# Why is 7 the most feared number?

I was in a computer programming training. A code executed an output number 7 and the trainer asked ( assuming joking) "Why is 7 the most feared number?" and someone said "Because 7,8,9 ... aho ho ho.."

was the expression very native or idiomatic? what does this mean?

Heh, because "Seven Ate Nine (7, '8,' 9)."

Ate = Eight.

• I've heard a variation on this. "Why did 4 run away from 5? Because five sic'ed seven" which plays on the British slang phrase "sic" meaning "to attack". – Matt Thrower Jan 19 '17 at 15:36
• @MattThrower, you mean like this, yes? – Teacher KSHuang Jan 20 '17 at 11:13
• @TeacherKSHuang Yes, that's right. I had no idea it had made it into an official dictionary: had presumed it slang. – Matt Thrower Jan 20 '17 at 11:38

It's a children's joke, nothing more. It's certainly not something one would encounter in everyday conversation.

The number pattern 7, 8, 9 sounds identical to seven ate nine in spoken form. A similar joke is depicted here:

• Fun fact: The Turkish word for 7 ("yedi") is the same as the Turkish word for "ate". And verbs come after objects in Turkish, so you can tell this joke in Turkish as "Why was 4 afraid of 5? Because 5 6 7!" – Dan Staley Jan 17 '17 at 22:21
• My daughers used to say it in Spanish (where, of course, the joke makes no sense at all). – Martin Argerami Jan 18 '17 at 3:12
• This image is quite disturbing – Mehrdad Jan 18 '17 at 7:08
• Even though I have known the joke since I was a child, the graphic made me (actually) laugh out loud. +1 for that alone! – yshavit Jan 18 '17 at 7:27
• @DanStaley Of course, this will lose the added "extra" that 6 and 9 look so similar, giving 6 the more reason to worry. – Angew Jan 18 '17 at 9:54

To add to Mike's excellent answer, the first time I was introduced to this joke was in a lesson about homophones. As as child this silly joke was a perfect example, and much easier to understand then something like "Did the two of you go to the park too?"

Homophones are words that sound the same but are spelled and mean different things. For example ate (past tense for eat) and eight (the number).

In the case of eight and ate, even children can tell when to use them. But with too, to, and two, many adults can't even tell when they are being properly used.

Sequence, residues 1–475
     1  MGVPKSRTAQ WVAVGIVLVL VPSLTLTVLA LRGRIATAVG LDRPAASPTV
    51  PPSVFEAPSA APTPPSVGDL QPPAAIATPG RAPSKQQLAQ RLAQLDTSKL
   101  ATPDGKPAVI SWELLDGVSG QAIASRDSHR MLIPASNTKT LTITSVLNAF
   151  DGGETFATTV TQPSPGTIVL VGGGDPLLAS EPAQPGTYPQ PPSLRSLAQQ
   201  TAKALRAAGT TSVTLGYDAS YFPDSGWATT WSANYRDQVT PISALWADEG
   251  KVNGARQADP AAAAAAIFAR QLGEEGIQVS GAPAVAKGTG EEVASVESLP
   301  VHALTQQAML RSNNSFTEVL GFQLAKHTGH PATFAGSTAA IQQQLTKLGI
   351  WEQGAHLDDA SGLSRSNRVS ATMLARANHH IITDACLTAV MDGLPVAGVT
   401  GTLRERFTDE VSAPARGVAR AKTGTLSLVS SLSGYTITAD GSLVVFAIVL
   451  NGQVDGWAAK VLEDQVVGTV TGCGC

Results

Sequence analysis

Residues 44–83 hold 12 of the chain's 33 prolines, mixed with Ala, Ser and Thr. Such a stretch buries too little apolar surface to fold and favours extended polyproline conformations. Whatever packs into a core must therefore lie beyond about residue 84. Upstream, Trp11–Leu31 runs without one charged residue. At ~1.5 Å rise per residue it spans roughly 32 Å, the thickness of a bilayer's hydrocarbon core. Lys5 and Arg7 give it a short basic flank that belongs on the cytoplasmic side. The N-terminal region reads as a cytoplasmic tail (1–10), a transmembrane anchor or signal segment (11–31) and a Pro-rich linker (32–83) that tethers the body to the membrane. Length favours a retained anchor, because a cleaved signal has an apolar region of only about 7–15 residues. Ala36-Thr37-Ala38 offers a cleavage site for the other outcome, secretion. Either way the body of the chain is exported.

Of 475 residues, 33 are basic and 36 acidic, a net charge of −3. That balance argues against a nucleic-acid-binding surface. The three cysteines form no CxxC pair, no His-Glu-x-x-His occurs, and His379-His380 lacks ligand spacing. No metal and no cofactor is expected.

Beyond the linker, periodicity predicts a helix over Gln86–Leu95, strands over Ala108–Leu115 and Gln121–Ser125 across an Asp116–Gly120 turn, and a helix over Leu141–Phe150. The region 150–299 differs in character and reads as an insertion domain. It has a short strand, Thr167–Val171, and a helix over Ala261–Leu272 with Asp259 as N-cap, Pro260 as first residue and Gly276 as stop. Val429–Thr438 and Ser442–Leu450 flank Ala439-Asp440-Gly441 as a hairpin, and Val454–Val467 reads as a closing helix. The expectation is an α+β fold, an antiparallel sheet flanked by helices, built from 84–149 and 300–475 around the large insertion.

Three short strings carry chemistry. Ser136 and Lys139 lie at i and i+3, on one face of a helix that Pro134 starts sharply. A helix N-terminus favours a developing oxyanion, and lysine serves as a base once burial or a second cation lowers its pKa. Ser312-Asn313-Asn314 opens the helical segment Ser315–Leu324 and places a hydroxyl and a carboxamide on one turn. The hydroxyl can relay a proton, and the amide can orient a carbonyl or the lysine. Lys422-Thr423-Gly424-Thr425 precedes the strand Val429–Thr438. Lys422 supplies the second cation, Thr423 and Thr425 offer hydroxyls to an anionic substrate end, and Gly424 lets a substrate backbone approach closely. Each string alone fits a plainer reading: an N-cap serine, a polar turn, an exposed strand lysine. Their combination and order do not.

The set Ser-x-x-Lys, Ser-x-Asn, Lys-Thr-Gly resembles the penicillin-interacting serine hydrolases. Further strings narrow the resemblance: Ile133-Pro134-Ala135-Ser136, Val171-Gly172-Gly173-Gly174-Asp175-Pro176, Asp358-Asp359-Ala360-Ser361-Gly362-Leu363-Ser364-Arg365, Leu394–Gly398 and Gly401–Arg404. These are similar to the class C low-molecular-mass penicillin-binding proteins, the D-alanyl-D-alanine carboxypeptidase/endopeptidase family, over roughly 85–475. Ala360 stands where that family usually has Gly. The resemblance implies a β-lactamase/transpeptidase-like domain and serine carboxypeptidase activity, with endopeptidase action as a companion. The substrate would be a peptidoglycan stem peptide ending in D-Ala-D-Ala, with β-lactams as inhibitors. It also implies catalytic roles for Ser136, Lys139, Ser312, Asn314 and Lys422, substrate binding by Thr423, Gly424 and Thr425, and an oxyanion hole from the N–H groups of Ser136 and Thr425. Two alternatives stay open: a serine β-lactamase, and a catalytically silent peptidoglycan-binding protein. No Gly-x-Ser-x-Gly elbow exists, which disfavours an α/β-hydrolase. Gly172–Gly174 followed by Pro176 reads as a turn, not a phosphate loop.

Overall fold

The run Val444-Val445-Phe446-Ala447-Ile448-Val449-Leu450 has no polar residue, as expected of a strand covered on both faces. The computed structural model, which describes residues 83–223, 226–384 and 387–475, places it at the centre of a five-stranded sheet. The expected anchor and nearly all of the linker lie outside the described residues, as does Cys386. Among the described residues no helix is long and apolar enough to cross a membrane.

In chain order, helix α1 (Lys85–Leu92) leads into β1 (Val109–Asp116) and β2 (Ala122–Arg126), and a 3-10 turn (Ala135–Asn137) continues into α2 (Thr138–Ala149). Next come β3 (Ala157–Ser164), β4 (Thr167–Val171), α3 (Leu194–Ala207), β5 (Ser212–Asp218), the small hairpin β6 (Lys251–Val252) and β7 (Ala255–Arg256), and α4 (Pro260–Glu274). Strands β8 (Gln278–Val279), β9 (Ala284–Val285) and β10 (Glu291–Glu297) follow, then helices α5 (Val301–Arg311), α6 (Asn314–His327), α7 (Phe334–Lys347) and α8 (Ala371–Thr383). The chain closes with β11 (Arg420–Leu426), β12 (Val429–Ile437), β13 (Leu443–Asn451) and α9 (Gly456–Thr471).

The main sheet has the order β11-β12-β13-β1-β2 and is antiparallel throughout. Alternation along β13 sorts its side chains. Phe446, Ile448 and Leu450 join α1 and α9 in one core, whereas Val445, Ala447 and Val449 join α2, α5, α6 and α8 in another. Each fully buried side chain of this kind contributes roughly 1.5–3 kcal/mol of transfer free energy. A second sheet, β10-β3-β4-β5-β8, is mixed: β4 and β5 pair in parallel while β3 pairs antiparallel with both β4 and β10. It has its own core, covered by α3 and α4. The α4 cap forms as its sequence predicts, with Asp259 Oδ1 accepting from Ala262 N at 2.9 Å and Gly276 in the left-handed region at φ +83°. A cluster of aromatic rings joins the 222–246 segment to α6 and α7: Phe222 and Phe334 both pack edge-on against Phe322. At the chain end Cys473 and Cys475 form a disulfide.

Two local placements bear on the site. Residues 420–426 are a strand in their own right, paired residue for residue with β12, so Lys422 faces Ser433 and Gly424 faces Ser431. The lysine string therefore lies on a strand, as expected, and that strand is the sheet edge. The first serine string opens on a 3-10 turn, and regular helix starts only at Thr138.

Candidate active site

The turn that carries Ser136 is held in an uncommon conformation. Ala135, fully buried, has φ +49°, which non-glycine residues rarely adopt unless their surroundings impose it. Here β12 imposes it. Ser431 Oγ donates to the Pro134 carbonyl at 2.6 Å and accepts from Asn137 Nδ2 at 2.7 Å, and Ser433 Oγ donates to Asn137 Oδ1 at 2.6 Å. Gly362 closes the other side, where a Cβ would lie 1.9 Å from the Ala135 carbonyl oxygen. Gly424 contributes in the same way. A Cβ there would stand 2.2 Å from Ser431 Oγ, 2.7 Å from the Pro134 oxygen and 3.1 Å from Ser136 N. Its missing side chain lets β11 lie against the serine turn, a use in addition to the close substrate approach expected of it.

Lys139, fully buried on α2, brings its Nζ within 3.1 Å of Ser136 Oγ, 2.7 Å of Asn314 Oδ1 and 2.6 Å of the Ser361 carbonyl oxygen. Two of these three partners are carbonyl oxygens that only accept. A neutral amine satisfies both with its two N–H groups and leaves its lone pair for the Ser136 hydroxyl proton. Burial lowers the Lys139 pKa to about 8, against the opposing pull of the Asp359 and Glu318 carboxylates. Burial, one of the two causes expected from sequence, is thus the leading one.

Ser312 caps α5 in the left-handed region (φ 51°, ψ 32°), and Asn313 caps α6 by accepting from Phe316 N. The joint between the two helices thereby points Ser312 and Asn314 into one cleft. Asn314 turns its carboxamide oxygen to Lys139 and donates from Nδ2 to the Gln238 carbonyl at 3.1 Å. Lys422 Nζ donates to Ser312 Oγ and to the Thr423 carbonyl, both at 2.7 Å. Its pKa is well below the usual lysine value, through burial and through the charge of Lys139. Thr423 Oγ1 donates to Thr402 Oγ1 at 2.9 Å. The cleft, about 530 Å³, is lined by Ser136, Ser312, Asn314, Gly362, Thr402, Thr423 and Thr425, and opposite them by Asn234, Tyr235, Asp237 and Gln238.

Some really common English homophones are:

• two, too, to
• they're, there, their
• eight, ate
• then, than
• are, our

As a child, many of them are too confusing to easily tackle, but ate and eight, are simple. Especially if you write 8 instead of ate. And so this little, simplistic joke was used to demonstrate homophones, and how getting them wrong could change the meaning of the sentence.

• and plenty of native English-speaking adults still don't know the difference between their, there and they're :P – Robin Hartland Jan 19 '17 at 3:26
• I don't think then & than or are & our are homophones. The pronunciation is different. Maybe near misses such as tense, tents or caret, carrot. – Felix Eve Jan 19 '17 at 5:59
• @FelixEve: One dialect's near misses are likely to be another's homophones. Like you, I distinguish then and than, are and our, but I know other dialects don't (certainly American English tends to merge are and our). But then, I would say I don't distinguish caret and carrot. (Perth, by the way... your profile says Melbourne?) – Tim Pederick Jan 19 '17 at 8:15
• I used to teach English as a foreign language. In the more advanced classes, where homophones (and naturally, the topic of puns) came up, I always introduced the lesson with a classic pun: Why was the little Egyptian boy confused? Because his daddy was a mummy. – flith Jan 19 '17 at 13:25
• native English person: then/than are never confused. However prince/prints and mints/mince are homophones, but it takes awhile to accept this as true as you start trying to over pronounce the T to make them sound different – user179876 Jan 20 '17 at 12:02

## protected by ColleenV♦Jan 18 '17 at 23:42

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